Deciding what to do with horses in a tornado can be a tricky decision to make. You may feel that making the wrong decision could be devastating or that you are dammed either way and leave it up to chance or a ‘gut feel’. I hope that this post will help you make a more informed decision and provide a few tips on how to stay prepared during tornado season.
Depending on the tornado scale, most horse owners choose to leave their horses outside in order to give them a chance to fight the elements instinctively. Leaving horses out will run the risk of them getting hit by flying debris or breaking free and getting lost. Keeping horses inside the bard will protect them from getting hit by debris but you run the risk of the barn collapsing on top of them.
The decision is usually whether to leave your horse out in the field or to keep them inside the barn. Choosing the right way can sometimes feel like a luck of the draw.
F0 – possible damage is light such as broken branches from trees and minor roof damage. Wind speeds reaching between 40-72 mph.
F1 – possible damage is moderate such as snapped trees, shifts in mobile homes, and damaged roofs. Wind speeds reaching 73 -112 mph.
F2 – considerable damage is possible such as mobile homes being demolished, trees becoming unrooted, and strongly build homes may become unroofed. Wind speed reaching 113 -157 mph.
F3 – possible damage is severe such as cars can be lifted off the ground, trains can be overturned, strongly build homes can have outside walls blown away. Wind speeds reaching 158 -206 mph.
F4 – Possible devastating damage such as houses leveled to debris, cars (livestock) thrown through the air. Wind speeds reaching 207 -260 mph.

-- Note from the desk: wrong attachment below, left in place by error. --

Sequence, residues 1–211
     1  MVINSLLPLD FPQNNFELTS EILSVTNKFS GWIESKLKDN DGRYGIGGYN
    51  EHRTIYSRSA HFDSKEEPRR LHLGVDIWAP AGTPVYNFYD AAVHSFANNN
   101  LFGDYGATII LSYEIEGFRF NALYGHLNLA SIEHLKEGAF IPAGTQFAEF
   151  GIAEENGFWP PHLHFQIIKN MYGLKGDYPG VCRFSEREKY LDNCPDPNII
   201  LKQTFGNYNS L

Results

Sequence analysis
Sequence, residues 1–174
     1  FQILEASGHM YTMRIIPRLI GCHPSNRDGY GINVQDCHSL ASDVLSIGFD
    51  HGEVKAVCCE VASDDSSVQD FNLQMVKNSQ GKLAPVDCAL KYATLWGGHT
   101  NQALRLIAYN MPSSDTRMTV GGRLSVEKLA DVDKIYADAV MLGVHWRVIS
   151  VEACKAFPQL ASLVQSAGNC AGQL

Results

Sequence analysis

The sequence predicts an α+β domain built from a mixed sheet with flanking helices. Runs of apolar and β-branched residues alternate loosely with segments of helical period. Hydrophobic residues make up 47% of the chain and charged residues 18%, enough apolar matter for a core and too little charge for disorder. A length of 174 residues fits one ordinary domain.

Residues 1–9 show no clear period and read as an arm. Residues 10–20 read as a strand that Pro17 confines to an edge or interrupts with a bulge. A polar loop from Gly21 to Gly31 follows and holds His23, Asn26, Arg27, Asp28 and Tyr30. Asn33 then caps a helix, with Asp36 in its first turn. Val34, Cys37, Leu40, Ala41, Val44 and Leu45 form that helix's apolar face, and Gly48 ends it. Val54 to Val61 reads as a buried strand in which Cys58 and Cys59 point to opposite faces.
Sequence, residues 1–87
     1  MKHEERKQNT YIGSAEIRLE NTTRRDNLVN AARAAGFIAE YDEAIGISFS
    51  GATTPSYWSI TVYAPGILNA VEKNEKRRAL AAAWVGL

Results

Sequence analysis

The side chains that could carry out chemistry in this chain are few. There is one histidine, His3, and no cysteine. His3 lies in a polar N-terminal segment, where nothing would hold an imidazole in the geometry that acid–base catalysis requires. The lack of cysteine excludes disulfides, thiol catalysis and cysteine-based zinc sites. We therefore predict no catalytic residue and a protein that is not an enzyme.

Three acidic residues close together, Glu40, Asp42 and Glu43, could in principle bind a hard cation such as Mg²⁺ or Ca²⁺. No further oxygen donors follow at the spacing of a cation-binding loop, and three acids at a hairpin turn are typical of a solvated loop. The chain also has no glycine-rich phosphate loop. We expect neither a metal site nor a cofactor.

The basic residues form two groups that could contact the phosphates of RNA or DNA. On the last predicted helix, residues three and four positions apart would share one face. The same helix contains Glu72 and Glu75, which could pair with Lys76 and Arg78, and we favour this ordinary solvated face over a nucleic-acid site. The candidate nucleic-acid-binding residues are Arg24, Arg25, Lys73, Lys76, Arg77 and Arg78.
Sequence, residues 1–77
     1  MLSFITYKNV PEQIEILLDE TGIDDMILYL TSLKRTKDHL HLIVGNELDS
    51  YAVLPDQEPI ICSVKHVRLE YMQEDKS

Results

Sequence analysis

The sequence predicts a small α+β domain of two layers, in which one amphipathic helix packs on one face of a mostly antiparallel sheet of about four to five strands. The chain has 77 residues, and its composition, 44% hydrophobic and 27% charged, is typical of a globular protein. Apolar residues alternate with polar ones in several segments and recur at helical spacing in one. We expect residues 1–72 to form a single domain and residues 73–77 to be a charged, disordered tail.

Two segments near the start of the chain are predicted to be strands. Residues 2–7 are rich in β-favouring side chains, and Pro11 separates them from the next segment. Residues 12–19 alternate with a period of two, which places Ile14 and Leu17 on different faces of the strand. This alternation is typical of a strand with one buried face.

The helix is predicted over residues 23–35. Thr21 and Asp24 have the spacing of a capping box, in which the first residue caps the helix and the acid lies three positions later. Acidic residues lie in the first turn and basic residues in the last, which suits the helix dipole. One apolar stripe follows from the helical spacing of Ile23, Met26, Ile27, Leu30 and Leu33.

F5 – Incredible amount of damage possible: Strongly build houses can completely blow away cars become missiles. Wind speeds reaching 261 -318 mph. Fewer than 2%.
When and where do tornadoes occur?
- Tornadoes can occur in many countries around the world, but they are most often seen in the United States where the most commonly affected areas are known as “Tornado Alley.”
- Tornadoes can happen at any time of the year but are normally seen from April into early June in the United States.
- Tornadoes can happen at any time of the day or night; most tornadoes occur between 4–9 p.m.
Where is the safest place to be?
This can sometimes be a life or death decision to make for a horse owner.
Choosing to put your horse in a large pasture will give your horse the opportunity to use his instincts to move around and out of the path of the storm, and allow him to either seek shelter or run from the tornado. The fact that they can move around is the primary benefit of leaving them out, an option that stabled horses do not have if the tornado ends up passing through the barn and collapsing on your horse.
If you have a large, open pasture available for your horse, then this is generally the best option, especially for the stronger more damaging tornadoes.
The biggest advantage of leaving them inside is that they will be protected from getting hit and stabbed by flying debris or getting struck by lightning. This will, of course, depend on your barn structure. If you have a barn made of brick and concrete, then keeping them inside during the less damaging tornadoes such as F1 and even F2 might be safer.
Remember that for the more damaging tornadoes such as F4 or F5, it will not matter how strong your barn structure is, taking a direct hit will most likely not hold.